FRANKFURT, Germany (AP) -- Germany's most populous state is requiring Internet providers to block two U.S.-based neo-Nazi Web sites after a court ruled the measure did not violate the providers' rights, officials said Thursday.
The verdict followed months of legal wrangling between North Rhine-Westphalia's top new-media official, Juergen Buessow, and 18 Internet providers based in the state, who said they could not be held responsible for the sites' content.
"We don't want such content to be available to everyone," said Ulrich Schiefelbein, a spokesman for Buessow's office. He refused to name the U.S. sites or the providers, citing German privacy laws.
German law makes public spreading of Nazi ideology a crime, but the Internet offers a loophole to neo-Nazi sites based abroad. German officials have repeatedly made efforts to block such content in recent years, even though it is legal in the United States, where the sites are based.
The blocking requirement is the latest attempt by a government to rein in the global medium by imposing regulations on Internet service providers.
In the United States, Pennsylvania has a law requiring companies serving its customers to block child pornography sites. Panama tried to order its service providers to block cheap long-distance calls over the Internet, until its Supreme Court struck down the effort.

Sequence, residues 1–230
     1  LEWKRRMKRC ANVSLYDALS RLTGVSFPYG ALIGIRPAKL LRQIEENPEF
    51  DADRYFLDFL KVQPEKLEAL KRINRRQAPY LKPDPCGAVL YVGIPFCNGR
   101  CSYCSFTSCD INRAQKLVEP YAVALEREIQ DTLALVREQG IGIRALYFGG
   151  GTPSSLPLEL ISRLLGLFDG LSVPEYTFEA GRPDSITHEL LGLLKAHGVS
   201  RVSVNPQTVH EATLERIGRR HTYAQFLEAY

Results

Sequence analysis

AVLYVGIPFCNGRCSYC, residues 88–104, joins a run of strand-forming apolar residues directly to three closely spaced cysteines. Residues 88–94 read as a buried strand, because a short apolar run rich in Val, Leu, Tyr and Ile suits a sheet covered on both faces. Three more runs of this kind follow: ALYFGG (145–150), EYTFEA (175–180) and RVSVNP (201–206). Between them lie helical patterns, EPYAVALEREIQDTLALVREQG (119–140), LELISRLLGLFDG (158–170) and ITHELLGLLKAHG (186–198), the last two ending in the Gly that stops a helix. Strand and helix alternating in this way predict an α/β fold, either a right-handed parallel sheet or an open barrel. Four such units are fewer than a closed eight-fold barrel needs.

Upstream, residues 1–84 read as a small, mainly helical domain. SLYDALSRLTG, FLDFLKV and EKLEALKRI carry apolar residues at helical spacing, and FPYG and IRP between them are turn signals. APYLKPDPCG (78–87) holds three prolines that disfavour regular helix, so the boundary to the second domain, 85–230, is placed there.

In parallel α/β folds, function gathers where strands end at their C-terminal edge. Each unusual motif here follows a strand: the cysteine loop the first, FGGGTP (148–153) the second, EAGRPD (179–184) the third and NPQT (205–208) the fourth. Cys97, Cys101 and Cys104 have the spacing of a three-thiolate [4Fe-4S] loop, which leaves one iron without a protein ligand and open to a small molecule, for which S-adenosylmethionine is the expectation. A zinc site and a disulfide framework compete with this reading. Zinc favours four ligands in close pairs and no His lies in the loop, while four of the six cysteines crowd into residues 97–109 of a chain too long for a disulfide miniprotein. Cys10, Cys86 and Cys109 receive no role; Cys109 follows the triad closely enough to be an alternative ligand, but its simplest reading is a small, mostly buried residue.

Critics say such efforts turn private companies into arms of the police and ultimately threaten the Internet by creating barriers to the free flow of information and innovation.
In the latest case, a district court in the city of Arnsberg ruled Dec. 12 that Buessow's order for providers to block access to the two American Web sites was legal.
The providers are appealing to a higher state court and have threatened to leave North Rhine-Westphalia for other German states that don't have limiting regulations.
If the verdict against the providers stands, it could set a legal precedent in Germany that could have far-reaching implications for providers nationwide.
Copyright 2002. Associated Press. All rights reserved. This material may not be published, broadcast, rewritten, or redistributed.
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